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Rabo Karabekian Donating Member (242 posts) Send PM | Profile | Ignore Sat Nov-17-07 10:45 PM
Response to Original message
16. Sliding Scale World
I like this idea, it goes beyond progressive taxation. I really think in society that everything should be sliding scale, based upon economic need. This could be a way to have capitalism one day, and a brand of socialism the next.
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sandnsea Donating Member (1000+ posts) Send PM | Profile | Ignore Sat Nov-17-07 11:27 PM
Response to Original message
31. FICA is a flat tax, a flat premium
The same percentage of income for everybody. I'd be for a flat benefit, if that would make you feel better. $2,000 a person for everyone over 65.

deal?

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FLDCVADem Donating Member (1000+ posts) Send PM | Profile | Ignore Sat Nov-17-07 11:30 PM
Response to Reply #31
33. Speaking *only* for myself...
...nope, no deal on that. I believe that would spell the end of support for Social Security by the public at large.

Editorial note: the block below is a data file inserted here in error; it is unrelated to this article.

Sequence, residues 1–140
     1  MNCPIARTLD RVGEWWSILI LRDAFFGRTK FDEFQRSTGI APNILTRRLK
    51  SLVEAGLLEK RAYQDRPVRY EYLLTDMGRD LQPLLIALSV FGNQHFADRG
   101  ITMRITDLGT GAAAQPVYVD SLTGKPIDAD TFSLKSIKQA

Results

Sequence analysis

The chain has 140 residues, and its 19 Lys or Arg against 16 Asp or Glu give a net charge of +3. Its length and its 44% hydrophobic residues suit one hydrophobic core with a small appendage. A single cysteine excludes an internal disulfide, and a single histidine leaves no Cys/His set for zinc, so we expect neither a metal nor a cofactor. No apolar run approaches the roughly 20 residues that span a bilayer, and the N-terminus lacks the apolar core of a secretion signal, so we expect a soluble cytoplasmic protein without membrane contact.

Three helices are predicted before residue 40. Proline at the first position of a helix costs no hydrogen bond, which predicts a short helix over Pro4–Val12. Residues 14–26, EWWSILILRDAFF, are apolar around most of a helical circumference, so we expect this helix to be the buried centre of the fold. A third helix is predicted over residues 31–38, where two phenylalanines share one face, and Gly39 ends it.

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MADem Donating Member (1000+ posts) Send PM | Profile | Ignore Sat Nov-17-07 11:40 PM
Response to Original message
37. Why would they even bother to get insurance, then?
Hell, bank your 'premium payment' for a few years, rather than pay those prices.

Life insurance and social security aren't in the same boat.

And why would anyone pay more than the car is worth for insurance, when they can pay out any needed payment in the event of accident out of their savings?

See, you're DEAD when life insurance pays out. You aren't dead when SS does.

I like Al Gore's LOCKBOX myself. Always did. He was right.
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Ravy Donating Member (1000+ posts) Send PM | Profile | Ignore Sat Nov-17-07 11:50 PM
Response to Reply #37
38. I couldn't think of a better analogy, but dead or alive...
some are suggesting that others pay *millions* each month over a number of years to get $1,800 a month after they reach 65.

That doesn't seem fair. I can fully support justify a progressive income tax, but not for Social Security.
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sandnsea Donating Member (1000+ posts) Send PM | Profile | Ignore Sun Nov-18-07 02:44 AM
Response to Reply #37
41. Old Age, Disability and Survivors
It's not a retirement plan. It's insurance in the event you cannot work.